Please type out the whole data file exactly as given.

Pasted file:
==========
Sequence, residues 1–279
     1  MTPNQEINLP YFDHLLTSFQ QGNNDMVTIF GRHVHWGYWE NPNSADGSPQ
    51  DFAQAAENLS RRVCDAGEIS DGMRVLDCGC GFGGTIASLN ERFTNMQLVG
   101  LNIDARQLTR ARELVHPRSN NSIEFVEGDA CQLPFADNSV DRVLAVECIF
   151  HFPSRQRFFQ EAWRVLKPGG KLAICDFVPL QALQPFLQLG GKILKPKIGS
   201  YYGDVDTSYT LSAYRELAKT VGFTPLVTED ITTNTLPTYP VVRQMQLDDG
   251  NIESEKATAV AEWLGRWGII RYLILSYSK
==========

Sequence, residues 1–279
     1  MTPNQEINLP YFDHLLTSFQ QGNNDMVTIF GRHVHWGYWE NPNSADGSPQ
    51  DFAQAAENLS RRVCDAGEIS DGMRVLDCGC GFGGTIASLN ERFTNMQLVG
   101  LNIDARQLTR ARELVHPRSN NSIEFVEGDA CQLPFADNSV DRVLAVECIF
   151  HFPSRQRFFQ EAWRVLKPGG KLAICDFVPL QALQPFLQLG GKILKPKIGS
   201  YYGDVDTSYT LSAYRELAKT VGFTPLVTED ITTNTLPTYP VVRQMQLDDG
   251  NIESEKATAV AEWLGRWGII RYLILSYSK